Club of Rome,  Dark Earth,  Samuel Dodson

Summer (Part III) by Samuel Dodson

We stand at the crux, the crossroad. Looking sideways; down the elongated stretch of path, a chasm of jaundice light scratches the night, as the chain gang marches, falteringly towards us, deep with exhaustion, from long hours in the gold mines. Moonlight would glint on their tools, yet the sky is overcast with vapours we cannot see. On the horizon the tower blocks soar, rising through the deep set clouds, hanging on the edge of cliffs; Their foundations undermined by the rush of 
waves, It is perilous and sexy –

“Strike once more Poseidon!” 

It could be that the wind, having roused itself from intermittent engagement with its chore of the day (to breeze) has whipped through the whisps of strangled air for the one necessary moment to bear out a cry. The chain gangers would hear it yet their ears ring with the sound of the mine, the clanging of instruments, the deep set breath of decay that clamours through the warped caves.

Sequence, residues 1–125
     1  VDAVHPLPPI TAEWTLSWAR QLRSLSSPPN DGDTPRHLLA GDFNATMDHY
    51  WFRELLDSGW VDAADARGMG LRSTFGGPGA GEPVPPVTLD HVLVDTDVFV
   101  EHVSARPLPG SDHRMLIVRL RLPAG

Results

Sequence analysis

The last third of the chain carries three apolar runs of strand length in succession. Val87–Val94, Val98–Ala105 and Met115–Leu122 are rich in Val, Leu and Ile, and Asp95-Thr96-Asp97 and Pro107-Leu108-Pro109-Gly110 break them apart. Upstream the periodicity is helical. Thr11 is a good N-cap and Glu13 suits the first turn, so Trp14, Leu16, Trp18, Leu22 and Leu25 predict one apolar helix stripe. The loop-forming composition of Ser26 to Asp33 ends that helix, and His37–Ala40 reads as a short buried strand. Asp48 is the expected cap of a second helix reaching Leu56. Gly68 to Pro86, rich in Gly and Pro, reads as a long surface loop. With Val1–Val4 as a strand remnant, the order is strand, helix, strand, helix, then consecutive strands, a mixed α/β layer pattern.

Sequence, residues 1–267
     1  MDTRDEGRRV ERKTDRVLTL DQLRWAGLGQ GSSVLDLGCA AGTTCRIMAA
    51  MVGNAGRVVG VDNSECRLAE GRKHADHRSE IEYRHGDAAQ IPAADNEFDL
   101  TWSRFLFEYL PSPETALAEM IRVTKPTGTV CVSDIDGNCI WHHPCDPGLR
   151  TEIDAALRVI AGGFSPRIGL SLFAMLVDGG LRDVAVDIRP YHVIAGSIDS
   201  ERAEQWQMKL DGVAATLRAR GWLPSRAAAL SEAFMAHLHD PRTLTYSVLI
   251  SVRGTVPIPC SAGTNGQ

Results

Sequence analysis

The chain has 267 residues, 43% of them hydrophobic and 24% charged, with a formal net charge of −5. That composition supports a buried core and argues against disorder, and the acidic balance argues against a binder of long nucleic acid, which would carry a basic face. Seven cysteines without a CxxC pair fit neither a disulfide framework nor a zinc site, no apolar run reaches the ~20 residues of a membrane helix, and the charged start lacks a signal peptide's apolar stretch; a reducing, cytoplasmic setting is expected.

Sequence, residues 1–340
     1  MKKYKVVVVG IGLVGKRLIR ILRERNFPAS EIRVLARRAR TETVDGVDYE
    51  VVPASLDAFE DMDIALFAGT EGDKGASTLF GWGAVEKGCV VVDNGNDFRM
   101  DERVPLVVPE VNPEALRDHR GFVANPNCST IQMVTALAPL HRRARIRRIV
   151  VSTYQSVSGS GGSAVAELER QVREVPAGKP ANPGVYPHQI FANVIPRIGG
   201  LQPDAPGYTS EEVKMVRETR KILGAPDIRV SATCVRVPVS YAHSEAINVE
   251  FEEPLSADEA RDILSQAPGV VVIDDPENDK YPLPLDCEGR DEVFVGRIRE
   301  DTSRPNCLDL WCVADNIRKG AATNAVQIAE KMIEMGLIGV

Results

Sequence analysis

The Earth is dark tonight,
Dark all nights
But tonight it is scorched. 
The dirt is charred, 
And ashes of nature litter small bones of animals. 
An infant has been left on a hillside for the dogs,
Once trained and now rabid with rejection, 
Who raise it as their own; 
Perhaps to found a new Rome, 
Or to let it grow so then to devour it at a later date, 
An investment for the pack. 
Lightning strikes the bristling white horses which ride the seas, stirring the waters into electric light. Orchestral voices brought by the frisson in the rain which crescendos above the subway blocks as it strikes the sheet metal. Rust creeps along recently new bridges, skating as tendrils of a cancerous growth into the steel. Real life seems far behind; left at the crossroads where we turned away from the path the chain gang was returning from, and followed back the way we came; In the hope for some familiarity. 
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